Not to be confused with the Lady Gaga tour Monster Ball or the porn film Monster’s Balls, this is the 2001 drama Monster’s Ball.
Starring Halle Berry and Billy Bob Thornton, this is essentially the story of two very different people having a similarly bad week. Not just “it’s raining and there’s a tube strike” bad, more like “my husband died and I’m being evicted” bad. It’s grim stuff from start to finish, made watchable by the skill on display both in front of and behind the camera.
Mark Forster wisely avoids distracting direction and lets the drama unfold quietly, eliciting great performances from a cast that includes Heath Ledger, Mos Def and Sean Combs AKA Puff Daddy AKA P. Diddy AKA Diddy. As in the joke that doesn’t work written down: That rapper did some great acting in Monster’s Ball. Did he? No, Mos Def.
But it’s really all down to Billy Bob Thornton and Halle Berry in the lead roles, whose unlikely relationship provides a much needed ray of light amongst all the stifling darkness. He’s quiet but intense, and has never looked more like Ray Wise.
She’s sensitive and passionate, and won a Best Actress Oscar, becoming the first black person to do so. Even though she’s not black, but close enough. She is, however, one of six people to have won both an Oscar and a Razzie. Her Razzie acceptance speech is disarmingly self-effacing, her Oscar speech… not so much.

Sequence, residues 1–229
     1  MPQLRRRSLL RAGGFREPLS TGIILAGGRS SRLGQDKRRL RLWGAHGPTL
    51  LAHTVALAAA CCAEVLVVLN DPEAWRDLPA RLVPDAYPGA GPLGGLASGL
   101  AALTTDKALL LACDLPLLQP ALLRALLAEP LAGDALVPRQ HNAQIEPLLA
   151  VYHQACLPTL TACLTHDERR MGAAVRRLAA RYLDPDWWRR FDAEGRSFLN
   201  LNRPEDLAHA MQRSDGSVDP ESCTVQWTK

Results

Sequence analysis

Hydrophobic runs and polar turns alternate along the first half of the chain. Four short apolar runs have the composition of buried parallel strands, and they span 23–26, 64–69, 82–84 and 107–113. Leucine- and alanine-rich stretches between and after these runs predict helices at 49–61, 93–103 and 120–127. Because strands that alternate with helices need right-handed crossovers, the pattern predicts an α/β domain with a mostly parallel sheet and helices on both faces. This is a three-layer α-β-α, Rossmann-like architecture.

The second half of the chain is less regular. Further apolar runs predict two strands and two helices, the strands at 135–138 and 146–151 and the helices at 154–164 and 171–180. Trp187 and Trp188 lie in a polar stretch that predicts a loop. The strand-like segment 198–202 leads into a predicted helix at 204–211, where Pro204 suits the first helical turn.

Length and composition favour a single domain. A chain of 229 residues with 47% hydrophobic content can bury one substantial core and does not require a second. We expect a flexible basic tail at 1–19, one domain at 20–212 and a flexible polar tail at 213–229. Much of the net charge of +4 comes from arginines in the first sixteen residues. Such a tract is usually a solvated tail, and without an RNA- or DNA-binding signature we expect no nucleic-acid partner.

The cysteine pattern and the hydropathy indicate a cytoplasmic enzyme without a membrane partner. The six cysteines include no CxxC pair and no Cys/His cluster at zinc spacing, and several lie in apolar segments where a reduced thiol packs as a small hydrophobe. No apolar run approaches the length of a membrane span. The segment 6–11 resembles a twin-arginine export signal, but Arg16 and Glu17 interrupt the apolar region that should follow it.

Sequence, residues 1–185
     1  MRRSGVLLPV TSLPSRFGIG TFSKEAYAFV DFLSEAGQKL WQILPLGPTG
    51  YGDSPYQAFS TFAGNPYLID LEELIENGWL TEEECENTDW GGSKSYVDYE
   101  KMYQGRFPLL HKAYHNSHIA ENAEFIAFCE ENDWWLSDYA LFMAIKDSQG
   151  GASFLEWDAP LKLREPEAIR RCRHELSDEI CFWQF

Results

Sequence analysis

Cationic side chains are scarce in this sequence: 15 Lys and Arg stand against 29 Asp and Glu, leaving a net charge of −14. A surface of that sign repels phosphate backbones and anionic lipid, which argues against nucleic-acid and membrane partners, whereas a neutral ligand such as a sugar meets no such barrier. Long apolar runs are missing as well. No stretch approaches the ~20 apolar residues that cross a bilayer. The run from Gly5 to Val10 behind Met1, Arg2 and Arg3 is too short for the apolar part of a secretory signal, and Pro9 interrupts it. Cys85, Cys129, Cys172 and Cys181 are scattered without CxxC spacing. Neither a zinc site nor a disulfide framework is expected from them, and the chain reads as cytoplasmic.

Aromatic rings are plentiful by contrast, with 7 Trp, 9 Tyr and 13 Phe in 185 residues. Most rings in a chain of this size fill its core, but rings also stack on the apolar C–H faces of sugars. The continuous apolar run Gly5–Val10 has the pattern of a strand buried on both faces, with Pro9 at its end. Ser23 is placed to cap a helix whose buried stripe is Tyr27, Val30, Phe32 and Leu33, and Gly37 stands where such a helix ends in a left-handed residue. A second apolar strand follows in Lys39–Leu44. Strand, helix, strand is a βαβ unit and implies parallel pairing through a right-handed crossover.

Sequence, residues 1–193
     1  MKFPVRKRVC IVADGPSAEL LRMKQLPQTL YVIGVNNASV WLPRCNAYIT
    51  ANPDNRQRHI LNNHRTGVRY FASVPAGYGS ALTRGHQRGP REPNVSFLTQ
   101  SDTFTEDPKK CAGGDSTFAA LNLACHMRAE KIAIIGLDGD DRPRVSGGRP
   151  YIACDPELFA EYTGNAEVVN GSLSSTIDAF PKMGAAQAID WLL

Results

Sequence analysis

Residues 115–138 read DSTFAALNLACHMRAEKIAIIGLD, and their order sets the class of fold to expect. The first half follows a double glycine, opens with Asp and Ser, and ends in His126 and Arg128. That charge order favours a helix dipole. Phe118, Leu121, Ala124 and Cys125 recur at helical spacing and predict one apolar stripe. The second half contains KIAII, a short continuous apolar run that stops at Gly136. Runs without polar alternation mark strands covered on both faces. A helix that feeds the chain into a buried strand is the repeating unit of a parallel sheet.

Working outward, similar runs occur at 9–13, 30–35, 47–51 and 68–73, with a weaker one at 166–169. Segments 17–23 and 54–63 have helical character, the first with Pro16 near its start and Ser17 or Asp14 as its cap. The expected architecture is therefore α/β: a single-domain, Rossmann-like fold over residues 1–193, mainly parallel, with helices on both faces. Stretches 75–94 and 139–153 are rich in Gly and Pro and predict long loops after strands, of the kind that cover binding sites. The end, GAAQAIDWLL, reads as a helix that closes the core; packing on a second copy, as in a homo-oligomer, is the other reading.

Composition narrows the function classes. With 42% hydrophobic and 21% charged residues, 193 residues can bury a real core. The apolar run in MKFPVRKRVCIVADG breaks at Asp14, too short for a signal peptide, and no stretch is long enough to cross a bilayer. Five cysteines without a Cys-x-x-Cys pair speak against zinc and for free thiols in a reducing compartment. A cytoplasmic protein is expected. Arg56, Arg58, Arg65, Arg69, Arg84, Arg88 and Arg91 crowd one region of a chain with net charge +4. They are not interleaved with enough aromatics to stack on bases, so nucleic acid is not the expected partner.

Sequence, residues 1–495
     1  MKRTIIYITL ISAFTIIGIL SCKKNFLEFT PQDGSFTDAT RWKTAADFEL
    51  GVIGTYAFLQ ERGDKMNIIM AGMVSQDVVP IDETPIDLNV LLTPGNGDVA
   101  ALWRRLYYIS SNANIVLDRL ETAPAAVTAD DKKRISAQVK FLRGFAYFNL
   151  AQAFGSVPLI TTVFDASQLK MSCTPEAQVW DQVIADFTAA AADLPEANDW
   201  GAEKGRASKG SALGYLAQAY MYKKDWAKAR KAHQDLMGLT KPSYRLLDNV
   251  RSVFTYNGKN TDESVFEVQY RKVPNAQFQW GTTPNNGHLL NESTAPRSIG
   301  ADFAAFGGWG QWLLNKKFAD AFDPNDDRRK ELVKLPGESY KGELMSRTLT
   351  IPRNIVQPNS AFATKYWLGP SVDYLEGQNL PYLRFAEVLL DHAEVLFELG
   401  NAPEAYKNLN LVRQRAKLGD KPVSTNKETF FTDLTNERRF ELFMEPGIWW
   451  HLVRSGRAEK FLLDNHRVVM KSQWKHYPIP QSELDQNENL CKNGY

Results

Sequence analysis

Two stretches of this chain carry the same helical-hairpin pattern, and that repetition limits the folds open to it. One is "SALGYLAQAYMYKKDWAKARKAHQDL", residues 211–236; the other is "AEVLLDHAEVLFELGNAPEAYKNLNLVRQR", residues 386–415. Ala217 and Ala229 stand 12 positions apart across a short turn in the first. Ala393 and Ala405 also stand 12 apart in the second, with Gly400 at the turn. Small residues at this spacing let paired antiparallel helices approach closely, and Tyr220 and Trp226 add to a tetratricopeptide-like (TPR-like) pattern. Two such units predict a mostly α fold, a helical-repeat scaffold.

What’s most impressive is what she manages to do with such a rubbish non-character. Almost entirely devoid of personality, she exists purely as a victim, and is passive and helpless throughout. This is purely so Thornton can swoop in and save her like a big white-headed Ray Wise eagle. For all the film’s posturing about racism, it’s incredibly patronising when it comes to this rescue narrative. Alongside the movie’s soft-core sex scenes, it makes you question the filmmaker’s motives.
Meanwhile, the story takes one too many breaks from reality and feels top-heavy, with all the tension being wrung out in the film’s opening. After that, the plot just rolls along at the same downbeat pace with little of interest along the way. This failing of dynamics and questionable intent makes Monster’s Ball a classic case of five-star performances in a three-star film.